kettles, and raised it up, which enabled two of the company to take the
other down, and having placed it in the snow, they assisted friend H. to
take down the other; and while we lent a helping hand to stir and cool
the sugar, friend H.'s children ate their dinners, cleared away the
tables, put what fragments were left into their father's sleigh,
together with the dinner-dishes, tin baker, rundlet, and the pails of
scum, which were to be carried home for the swine. A firkin was also put
into the sleigh; and after the sugar was sufficiently cool, it was put
into the firkin, and covered up with great care.

After this we spent a short time promenading around the rock-maple
grove, if leafless trees can be called a grove. A large sap-trough,
which was very neatly made, struck my fancy, and friend H. said he would
make me a present of it for a cradle. This afforded a subject for mirth.
Friend H. said that we must not ridicule the idea of having sap-troughs
for cradles; for that was touching quality, as his eldest child had been
rocked many an hour in a sap-trough, beneath the shade of a tree, while
his wife sat beside it knitting, and he was hard by, hoeing corn.

Soon we were on our way to friend H.'s house, which we all reached in
safety; and where we spent an agreeable evening, eating maple sugar,
apples, beech-nuts, &c. We also had tea about eight o'clock, which was
accompanied by every desirable luxury--after which we started for home.

As we were about taking leave, Abigail made each of us a present of a
cake of sugar, which was cooled in a tin heart.--"Heigh ho!" said Henry
L., "how lucky! We have had an agreeable visit, a bountiful feast--have
learned how to make sugar, and have all got sweethearts!"

We went home, blessing our stars and the hospitality of our Quaker

I cannot close without telling the reader, that the sugar which was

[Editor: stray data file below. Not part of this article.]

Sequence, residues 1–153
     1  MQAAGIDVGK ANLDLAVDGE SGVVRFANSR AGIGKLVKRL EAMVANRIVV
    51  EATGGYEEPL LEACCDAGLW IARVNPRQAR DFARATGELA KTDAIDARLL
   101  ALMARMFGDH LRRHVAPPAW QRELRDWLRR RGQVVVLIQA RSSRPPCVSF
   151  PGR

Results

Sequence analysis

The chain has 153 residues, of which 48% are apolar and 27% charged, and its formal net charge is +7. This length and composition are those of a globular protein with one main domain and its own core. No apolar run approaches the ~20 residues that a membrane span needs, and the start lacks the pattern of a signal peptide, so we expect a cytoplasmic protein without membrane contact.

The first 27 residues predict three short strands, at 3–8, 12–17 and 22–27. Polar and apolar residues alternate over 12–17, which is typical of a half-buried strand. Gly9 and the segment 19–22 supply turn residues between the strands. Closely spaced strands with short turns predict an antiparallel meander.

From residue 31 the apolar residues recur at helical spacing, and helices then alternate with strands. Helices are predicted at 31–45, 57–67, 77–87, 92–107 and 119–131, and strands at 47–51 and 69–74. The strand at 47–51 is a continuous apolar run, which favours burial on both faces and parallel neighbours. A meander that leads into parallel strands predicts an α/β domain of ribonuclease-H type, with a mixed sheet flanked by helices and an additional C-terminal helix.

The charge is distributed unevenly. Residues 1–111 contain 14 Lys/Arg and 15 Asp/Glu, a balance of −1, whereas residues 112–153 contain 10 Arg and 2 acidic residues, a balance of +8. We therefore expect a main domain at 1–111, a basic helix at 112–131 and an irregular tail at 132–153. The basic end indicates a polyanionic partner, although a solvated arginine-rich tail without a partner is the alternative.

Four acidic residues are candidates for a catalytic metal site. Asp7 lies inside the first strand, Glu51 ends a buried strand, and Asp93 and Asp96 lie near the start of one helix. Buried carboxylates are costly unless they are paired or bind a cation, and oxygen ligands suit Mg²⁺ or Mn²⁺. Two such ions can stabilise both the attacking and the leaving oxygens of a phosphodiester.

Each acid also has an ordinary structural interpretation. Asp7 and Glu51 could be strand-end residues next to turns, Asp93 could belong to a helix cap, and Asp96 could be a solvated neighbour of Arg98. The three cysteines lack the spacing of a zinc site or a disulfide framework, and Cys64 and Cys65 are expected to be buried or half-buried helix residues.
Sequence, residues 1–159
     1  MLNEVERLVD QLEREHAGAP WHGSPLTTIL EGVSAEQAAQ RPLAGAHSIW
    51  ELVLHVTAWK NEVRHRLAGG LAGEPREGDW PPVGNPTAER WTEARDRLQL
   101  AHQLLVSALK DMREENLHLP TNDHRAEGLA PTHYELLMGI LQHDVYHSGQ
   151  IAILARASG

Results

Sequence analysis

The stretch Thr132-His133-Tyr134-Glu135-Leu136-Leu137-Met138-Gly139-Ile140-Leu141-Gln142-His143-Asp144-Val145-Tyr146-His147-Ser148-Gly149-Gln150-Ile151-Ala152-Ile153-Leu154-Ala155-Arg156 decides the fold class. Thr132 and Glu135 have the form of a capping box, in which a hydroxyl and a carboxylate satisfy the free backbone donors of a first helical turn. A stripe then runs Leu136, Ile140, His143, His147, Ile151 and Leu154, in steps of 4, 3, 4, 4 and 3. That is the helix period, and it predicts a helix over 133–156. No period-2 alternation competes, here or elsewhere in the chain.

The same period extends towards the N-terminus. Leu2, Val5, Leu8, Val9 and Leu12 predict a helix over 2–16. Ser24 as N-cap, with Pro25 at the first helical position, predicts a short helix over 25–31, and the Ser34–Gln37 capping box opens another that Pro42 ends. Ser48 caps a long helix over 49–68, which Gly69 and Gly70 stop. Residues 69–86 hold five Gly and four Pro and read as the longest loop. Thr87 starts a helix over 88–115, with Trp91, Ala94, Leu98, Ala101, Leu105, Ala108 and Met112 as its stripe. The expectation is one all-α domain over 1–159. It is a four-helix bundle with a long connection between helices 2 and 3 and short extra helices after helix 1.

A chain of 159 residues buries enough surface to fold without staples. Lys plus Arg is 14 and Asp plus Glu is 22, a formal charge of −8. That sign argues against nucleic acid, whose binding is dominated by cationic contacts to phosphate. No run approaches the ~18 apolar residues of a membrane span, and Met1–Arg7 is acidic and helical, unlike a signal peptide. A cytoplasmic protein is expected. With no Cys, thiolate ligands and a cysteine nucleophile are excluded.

that day made, was nearly as white as loaf sugar, and tasted much




Mrs. K. and her daughter Emily were discussing the propriety of
permitting Martha to be one of the party which was to be given at Mr.
K.'s the succeeding Tuesday evening, to celebrate the birth-day of
George, who had lately returned from college. Martha was the niece of
Mr. K. She was an interesting girl of about nineteen years of age, who,
having had the misfortune to lose her parents, rather preferred working
in a factory for her support, than to be dependent on the charity of her
friends. Martha was a favorite in the family of her uncle; and Mrs. K.,
notwithstanding her aristocratic prejudices, would gladly have her niece
present at the party, were it not for fear of what people might say, if
Mr. and Mrs. K. suffered their children to appear on a level with
factory operatives.

"Mother," said Emily, "I do wish there was not such a prejudice against
those who labor for a living; and especially against those who work in a
factory; for then Martha might with propriety appear at George's party;
but I know it would be thought disgraceful to be seen at a party with a
factory girl, even if she is one's own cousin, and without a single
fault. And besides, the Miss Lindsays are invited, and if Martha should
be present, they will be highly offended, and make her the subject of
ridicule. I would not for my life have Martha's feelings wounded, as I